The diagenesis of the late Dinantian Derbyshire-East Midland carbonate shelf, central England
Version of Record online: 14 JUN 2006
Volume 38, Issue 4, pages 643–670, August 1991
How to Cite
WALKDEN, G. M. and WILLIAMS, D. O. (1991), The diagenesis of the late Dinantian Derbyshire-East Midland carbonate shelf, central England. Sedimentology, 38: 643–670. doi: 10.1111/j.1365-3091.1991.tb01013.x
- Issue online: 14 JUN 2006
- Version of Record online: 14 JUN 2006
- (Manuscript received 15 November 1989; revision received 16 January 1991)
Carbonate cements in late Dinantian (Asbian and Brigantian) limestones of the Derbyshire carbonate platform record a diagenetic history starting with early vadose meteoric cementation and finishing with burial and localized mineral and oil emplacement. The sequence is documented using cement petrography, cathodoluminescence, trace element geochemistry and C and O isotopes.
The earliest cements (Pre-Zone 1) are locally developed non-luminescent brown sparry calcite below intrastratal palaeokarsts and calcretes. They contain negligible Fe, Mn and Sr but up to 1000 ppm Mg. Their isotopic compositions centre around δ18O =−8.5‰, δ13C=−5.0‰. Calcretes contain less 13C. Subsequent cements are widespread as inclusion-free, low-Mg, low-Fe crinoid overgrowths and are described as having a‘dead-bright-dull’cathodoluminescence. The‘dead’cements (Zone 1) are mostly non-luminescent but contain dissolution hiatuses overlain by finely detailed bright subzones that correlate over several kilometres. Across‘dead'/bright subzones there is a clear trend in Mg (500–900 ppm), Mn (100–450 ppm) and Fe (80-230 ppm). Zone 1 cements have isotopic compositions centred around δ18O =−8.0‰ and δ13C=−2.5‰. Zone 2 cement is bright, thin and complexly subzoned. It is geochemically similar to bright subzones of Zone 1 cements. Dull Zone 3 cement pre-dates pressure dissolution and fills 70% or more of the pore space. It generally contains little Mn, Fe and Sr but can have more than 1000 ppm Mg, increasing stratigraphically upwards. The δ18O compositions range from −5.5 to −15‰ and the δ13C range is −1 to + 3.20/00. Zone 4 fills veins and stylolite seams in addition to pores. It is synchronous with Pb, Ba, F ore mineralization and oil migration. Zone 4 is ferroan with around 500 ppm Fe, up to 2500 ppm Mg and up to 1500 ppm Mn. Isotopic compositions range widely; δ15O =−2.7 to −9‰ and δ13C=−3.8 to+2.50‰.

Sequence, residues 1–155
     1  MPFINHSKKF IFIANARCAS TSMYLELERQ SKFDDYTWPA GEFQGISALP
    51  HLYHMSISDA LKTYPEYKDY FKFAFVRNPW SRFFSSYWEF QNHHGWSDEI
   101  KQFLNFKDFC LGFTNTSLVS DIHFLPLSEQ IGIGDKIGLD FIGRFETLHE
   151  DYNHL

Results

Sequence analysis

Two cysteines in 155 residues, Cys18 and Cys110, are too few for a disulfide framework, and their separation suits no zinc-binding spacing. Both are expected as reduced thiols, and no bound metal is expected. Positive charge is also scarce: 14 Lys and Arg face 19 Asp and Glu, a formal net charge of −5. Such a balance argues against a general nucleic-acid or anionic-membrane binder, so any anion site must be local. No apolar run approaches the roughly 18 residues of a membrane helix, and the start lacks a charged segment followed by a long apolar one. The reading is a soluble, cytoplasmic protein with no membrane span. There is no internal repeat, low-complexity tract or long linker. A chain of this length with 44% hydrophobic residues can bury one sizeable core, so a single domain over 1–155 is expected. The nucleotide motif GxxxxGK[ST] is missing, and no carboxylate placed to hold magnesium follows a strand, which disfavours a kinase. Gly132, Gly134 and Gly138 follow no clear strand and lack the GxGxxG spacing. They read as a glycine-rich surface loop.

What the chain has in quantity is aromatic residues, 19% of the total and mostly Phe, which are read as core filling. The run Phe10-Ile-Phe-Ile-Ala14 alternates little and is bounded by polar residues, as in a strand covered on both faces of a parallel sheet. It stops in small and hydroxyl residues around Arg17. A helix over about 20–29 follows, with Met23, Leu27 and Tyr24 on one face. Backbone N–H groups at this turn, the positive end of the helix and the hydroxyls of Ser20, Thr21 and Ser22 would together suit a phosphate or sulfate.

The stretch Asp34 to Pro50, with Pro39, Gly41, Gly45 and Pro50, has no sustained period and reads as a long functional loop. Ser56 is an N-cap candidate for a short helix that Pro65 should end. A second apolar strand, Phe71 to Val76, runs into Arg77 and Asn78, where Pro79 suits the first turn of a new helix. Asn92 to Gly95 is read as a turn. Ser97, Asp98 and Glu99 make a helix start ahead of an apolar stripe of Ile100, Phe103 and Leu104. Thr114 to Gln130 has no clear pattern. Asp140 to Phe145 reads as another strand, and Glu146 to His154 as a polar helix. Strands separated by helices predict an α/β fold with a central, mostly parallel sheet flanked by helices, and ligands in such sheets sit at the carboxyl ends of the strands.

Unaltered marine brachiopods suggest a Dinantian seawater composition around δ15O = 0‰ (SMOW), but vital isotopic effects probably mask the original δ13C (PDB) value. Pre-Zone 1 calcites are meteoric vadose cements with light soil-derived δ13C and light meteoric δ18O. An unusually fractionated‘pluvial’δ15O(SMOW) value of around — 6‰ is indicated for local Dinantian meteoric water. Calcrete δ18O values are heavier through evaporation. Zone 1 textures and geochemistry indicate a meteoric phreatic environment. Fe and Mn trends in the bright subzones indicate stagnation, and precipitation occurred in increments from widespread cyclically developed shallow meteoric water bodies. Meteoric alteration of the rock body was pervasive by the end of Zone 1 with a general resetting of isotopic values. Zone 3 is volumetrically important and external sources of water and carbonate are required. Emplacement was during the Namurian-early Westphalian by meteoric water sourced at a karst landscape on the uplifted eastern edge of the Derbyshire-East Midland shelf. The light δ18O values mainly reflect burial temperatures and an unusually high local heat flow, but an input of highly fractionated hinterland-derived meteoric water at the unconformity is also likely. Relatively heavy δ13C values reflect the less-altered state of the source carbonate and aquifer.
Zone 4 is partly vein fed and spans burial down to 2000 m and the onset of tectonism. Light organic-matter-derived δ13C and heavy δ18O values suggest basin-derived formation water. Combined with textural evidence of geopressures, this relates to local high-temperature ore mineralization and oil migration. Low water-to-rock ratios with host-rock buffering probably affected the final isotopic compositions of Zone 4, masking extremes both of temperature and organic-matter-derived CO2.